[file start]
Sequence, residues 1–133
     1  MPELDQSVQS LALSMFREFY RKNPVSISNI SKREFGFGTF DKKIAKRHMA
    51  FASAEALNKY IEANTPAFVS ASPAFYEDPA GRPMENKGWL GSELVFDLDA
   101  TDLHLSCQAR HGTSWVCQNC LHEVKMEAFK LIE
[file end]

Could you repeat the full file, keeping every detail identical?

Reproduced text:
Sequence, residues 1–133
     1  MPELDQSVQS LALSMFREFY RKNPVSISNI SKREFGFGTF DKKIAKRHMA
    51  FASAEALNKY IEANTPAFVS ASPAFYEDPA GRPMENKGWL GSELVFDLDA
   101  TDLHLSCQAR HGTSWVCQNC LHEVKMEAFK LIE